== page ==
In a world where dating co-workers is often discouraged and traditional singles bars seem to cater to a much younger crowd, many single people turn to the world of personal dating services. Subscribers and non-subscribers alike are free to browse listings in newspapers or special tabloids, hoping to find a perfect romantic match for their interests. But writing these personals ads can be very personal indeed, and it's not always easy to define your romantic goals and personal interests in such a limited amount of space.
Fortunately, a standard personals ad is more of a calling card than a resume, so subscribers are not always held to the same degree of brutal honesty as job applicants, although the two processes may feel a bit similar. It's okay to use a little poetic license when constructing a personals ad, as long as you maintain a core sense of honesty. Here's how to write a personals ad for most dating services:
- Before writing your personals ad, take a personal inventory. Most people rarely take the time to examine their lives from professional, social and romantic angles. A good personals ad may require examining all three. How would you describe your current job to a friendly stranger? Are you a professional? Self-employed? Managerial? What are your basic emotional traits? Are you introspective? Outgoing? Talkative? What do you look for in a romantic partner? Loyal? Passionate? Self-supporting? All of these factors should be considered. This is the time to be most honest with yourself, since potential responders may be basing their interest on what you reveal about yourself in a personals ad.
- Understand the requirements and restrictions of the service. Read several existing personals ads to get an idea of tone and detail. Make sure you understand restrictions on word count, personal details, language, sexual references and contact information. This is a good time to learn some time and word-saving abbreviations commonly used in personals ads, such as DWF (divorced white female) and SBM (single black male). There may be a number of other useful abbreviations about personal habits or preferences, such as N/S or N/D (non-smoking or non-drinking), and even religious affiliation, such as JWF or DCM (Jewish white female or divorced Christian male).
- Begin writing your personals ad by establishing who you are. Many browsers of these ads are looking for specific age, racial, religious or physical factors. It's a good idea to start out with a brief description of your current romantic status and some major physical characteristics: "DWM, 45, athletic build, N/S, some drinking, seeks SWF 35-45 for friendship, LTR." This may look like abbreviated jargon, but an experienced browser will see: "I'm a divorced white male in his mid-forties who keeps in shape, doesn't smoke and only drinks socially. I'm looking for a younger single white female interested in a casual relationship which could lead to romance." By establishing the basics early in the ad, you can help browsers filter through hundreds of similar blurbs and find yours.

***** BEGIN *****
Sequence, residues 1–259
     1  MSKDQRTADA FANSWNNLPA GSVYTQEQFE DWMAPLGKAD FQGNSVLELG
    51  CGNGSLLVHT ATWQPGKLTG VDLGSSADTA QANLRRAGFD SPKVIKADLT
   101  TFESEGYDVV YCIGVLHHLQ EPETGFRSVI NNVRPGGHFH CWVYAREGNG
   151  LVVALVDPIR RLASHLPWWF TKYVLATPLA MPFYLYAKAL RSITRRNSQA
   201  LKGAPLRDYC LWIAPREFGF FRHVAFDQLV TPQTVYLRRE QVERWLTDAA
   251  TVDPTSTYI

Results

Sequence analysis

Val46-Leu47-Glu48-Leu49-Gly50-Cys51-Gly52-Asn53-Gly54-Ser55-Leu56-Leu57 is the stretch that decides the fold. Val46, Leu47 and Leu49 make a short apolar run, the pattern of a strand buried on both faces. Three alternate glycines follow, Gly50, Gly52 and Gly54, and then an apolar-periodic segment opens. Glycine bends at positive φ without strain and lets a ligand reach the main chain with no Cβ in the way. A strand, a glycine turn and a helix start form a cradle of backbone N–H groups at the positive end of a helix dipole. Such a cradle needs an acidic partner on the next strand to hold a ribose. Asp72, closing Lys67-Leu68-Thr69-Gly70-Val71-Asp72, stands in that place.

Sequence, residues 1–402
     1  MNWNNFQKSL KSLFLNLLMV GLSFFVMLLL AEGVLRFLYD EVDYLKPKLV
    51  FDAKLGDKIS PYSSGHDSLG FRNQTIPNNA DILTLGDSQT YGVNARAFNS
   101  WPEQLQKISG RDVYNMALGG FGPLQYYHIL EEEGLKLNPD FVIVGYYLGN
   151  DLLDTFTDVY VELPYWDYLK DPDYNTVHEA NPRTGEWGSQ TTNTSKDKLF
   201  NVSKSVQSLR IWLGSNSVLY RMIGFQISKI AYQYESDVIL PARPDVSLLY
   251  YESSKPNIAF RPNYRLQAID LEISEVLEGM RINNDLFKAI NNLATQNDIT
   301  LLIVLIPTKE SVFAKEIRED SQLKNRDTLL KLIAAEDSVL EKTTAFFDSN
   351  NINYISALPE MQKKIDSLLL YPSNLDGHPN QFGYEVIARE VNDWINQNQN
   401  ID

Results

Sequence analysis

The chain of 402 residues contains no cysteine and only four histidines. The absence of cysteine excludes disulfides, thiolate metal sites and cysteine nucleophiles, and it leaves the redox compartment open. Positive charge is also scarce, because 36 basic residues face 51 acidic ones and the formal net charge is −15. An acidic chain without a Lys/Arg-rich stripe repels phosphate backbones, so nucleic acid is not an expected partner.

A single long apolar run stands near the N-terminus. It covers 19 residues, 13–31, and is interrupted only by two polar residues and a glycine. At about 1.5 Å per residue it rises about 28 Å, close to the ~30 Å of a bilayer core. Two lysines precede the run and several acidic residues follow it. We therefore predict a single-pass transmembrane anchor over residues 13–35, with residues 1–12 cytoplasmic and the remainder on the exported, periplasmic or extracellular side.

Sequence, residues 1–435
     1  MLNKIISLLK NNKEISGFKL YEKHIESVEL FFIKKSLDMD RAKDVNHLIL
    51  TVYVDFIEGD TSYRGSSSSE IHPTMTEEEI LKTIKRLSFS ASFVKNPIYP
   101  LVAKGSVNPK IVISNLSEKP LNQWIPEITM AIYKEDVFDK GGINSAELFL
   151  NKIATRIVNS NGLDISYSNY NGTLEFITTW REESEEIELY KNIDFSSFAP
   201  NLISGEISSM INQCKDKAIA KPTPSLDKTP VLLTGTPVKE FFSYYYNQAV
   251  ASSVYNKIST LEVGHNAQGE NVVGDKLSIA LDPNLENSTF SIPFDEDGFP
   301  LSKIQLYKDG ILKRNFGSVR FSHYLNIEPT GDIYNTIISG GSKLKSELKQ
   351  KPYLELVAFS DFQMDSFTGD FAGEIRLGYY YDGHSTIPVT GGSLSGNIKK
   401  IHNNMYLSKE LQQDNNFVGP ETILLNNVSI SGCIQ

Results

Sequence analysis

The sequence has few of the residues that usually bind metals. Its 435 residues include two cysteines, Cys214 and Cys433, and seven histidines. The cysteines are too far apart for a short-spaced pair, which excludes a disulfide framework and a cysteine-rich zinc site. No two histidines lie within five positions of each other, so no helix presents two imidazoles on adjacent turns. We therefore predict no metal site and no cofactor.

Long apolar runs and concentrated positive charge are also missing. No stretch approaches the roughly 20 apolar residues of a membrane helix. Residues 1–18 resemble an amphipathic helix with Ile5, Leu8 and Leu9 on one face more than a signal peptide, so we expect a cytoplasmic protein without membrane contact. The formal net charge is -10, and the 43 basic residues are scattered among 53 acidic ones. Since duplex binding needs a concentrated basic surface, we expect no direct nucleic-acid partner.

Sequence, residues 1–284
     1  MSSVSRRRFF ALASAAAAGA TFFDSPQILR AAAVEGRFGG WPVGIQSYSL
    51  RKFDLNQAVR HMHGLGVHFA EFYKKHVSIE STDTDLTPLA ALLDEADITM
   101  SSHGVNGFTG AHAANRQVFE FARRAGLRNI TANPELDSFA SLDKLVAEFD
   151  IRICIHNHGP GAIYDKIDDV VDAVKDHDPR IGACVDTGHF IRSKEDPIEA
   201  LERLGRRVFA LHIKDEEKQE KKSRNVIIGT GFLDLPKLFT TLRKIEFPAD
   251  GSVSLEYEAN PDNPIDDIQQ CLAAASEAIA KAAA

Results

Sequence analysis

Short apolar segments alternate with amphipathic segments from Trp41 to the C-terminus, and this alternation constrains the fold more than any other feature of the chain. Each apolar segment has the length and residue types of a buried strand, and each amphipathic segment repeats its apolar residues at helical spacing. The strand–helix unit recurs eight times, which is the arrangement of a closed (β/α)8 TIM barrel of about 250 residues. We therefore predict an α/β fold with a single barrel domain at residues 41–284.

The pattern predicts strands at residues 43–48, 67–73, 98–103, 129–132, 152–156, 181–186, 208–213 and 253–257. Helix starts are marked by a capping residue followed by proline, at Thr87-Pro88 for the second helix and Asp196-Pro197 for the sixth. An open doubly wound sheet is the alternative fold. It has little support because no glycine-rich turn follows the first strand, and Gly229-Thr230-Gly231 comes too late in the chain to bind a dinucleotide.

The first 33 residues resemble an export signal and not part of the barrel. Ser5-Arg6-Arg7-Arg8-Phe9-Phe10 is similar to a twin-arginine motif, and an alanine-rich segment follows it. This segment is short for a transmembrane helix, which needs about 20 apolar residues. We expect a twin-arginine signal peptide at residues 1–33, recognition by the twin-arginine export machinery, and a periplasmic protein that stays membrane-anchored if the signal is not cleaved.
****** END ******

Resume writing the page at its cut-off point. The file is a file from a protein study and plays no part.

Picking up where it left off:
- Add personal details about your appearance, career or hobbies. After establishing your basic profile, spend a few words describing yourself to a potential date. "Blonde hair, brown eyes, medium build. I'm an outgoing professional who enjoys music, weekends at the beach and hiking." The important thing to remember is that you should actually enjoy music, the beach and hiking. The other details can remain a little vague, such as weight or occupation. What matters about this section of the personals ad is that you demonstrate interest in the world around you. Potential romantic partners want to know if their interests match yours.
- Describe the type of partner you seek for romance. Again, be honest. "I'm looking for someone who enjoys sports, has a wicked sense of humor and knows what she wants out of life." Unfortunately, some people use this section of a personals ad to define what they don't want, which can sound very cynical or insensitive on paper: "I don't want any fat women, single moms or game players. If you play head games with me, I'll play them right back." This is precisely the sort of thing you'll want to avoid in your own ad. Stay positive and open-minded when it comes to the personality traits you seek in a romantic partner.
- End your personals ad on a high note. What you want is for a qualified reader to take action, not move on to yet another ad. Use strong verbs to challenge the reader to react: "I'm ready to start a new adventure, are you? Circle this ad, write down the number and let's get together soon. Don't spend another lonely night at home." It doesn't have to sound forced or aggressive, but the bottom line is that you want someone, or several someones, to respond to your ad soon. The ending lines of your personals ad are the perfect time to demonstrate your creativity and sincerity. If a call to action seems too forward, you may also consider writing something original about your worldview, sense of humor or general personality. A personals ad is a form of sales pitch, and you are the main product line. Allow your words and descriptions to sell the sizzle.